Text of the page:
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The following is taken directly from the Financial Ombudsman Service News (http://www.financial-ombudsman.org.uk/publications/ombudsman-news/48/insurance-non-disclosure.htm)
Insurance case studies: Non-disclosure
In issue 46 of ombudsman news (May/June 2005) we outlined our position on non-disclosure in insurance complaints (the situation where a customer fails to reveal a relevant fact when applying for – or renewing – an insurance contract).
In this issue we set out some of the cases we have recently seen involving alleged non-disclosure of information by those applying for insurance.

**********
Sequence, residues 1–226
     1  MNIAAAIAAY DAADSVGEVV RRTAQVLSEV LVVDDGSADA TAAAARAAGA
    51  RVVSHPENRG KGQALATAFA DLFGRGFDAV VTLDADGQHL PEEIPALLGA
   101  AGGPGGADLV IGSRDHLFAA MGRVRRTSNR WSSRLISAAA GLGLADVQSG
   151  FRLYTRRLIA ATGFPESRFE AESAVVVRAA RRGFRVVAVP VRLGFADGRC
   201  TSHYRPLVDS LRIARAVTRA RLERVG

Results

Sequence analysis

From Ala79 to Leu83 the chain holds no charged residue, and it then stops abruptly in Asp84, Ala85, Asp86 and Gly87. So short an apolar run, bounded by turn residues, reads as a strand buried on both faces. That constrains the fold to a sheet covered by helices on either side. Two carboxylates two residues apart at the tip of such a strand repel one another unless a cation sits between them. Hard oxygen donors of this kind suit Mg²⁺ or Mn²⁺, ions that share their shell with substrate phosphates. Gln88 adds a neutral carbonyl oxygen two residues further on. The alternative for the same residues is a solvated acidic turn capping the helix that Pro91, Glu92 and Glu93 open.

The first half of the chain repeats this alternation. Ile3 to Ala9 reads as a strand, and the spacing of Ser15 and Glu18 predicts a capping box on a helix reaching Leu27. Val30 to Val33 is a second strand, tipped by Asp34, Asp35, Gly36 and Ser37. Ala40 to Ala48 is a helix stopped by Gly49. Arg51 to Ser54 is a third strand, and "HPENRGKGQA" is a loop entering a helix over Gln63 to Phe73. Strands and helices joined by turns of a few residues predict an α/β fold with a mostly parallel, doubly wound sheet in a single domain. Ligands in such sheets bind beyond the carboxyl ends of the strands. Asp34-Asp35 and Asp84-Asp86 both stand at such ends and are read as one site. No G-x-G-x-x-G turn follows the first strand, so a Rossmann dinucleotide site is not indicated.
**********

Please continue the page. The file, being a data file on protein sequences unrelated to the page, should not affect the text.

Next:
life assurance – inadvertent non-disclosure
In December 2002 Mrs D applied to the firm for life assurance cover of £100,000 and for £35,000 critical illness cover. Two years later she was diagnosed with breast cancer. The firm refused to meet her claim. It said this was because she had not disclosed that for most of the early 1990s she had been suffering from, and received treatment for, back pain following childbirth. It considered the fact that she had not revealed this information to be reckless non-disclosure.
Mrs D told the firm that she had not thought she needed to disclose this information. She had thought the question on the firm’s application form referred only to illnesses that had resulted in her taking time off work during the previous five years. It was more than five years since she had suffered from the back pain and she had never needed to take time off work because of it.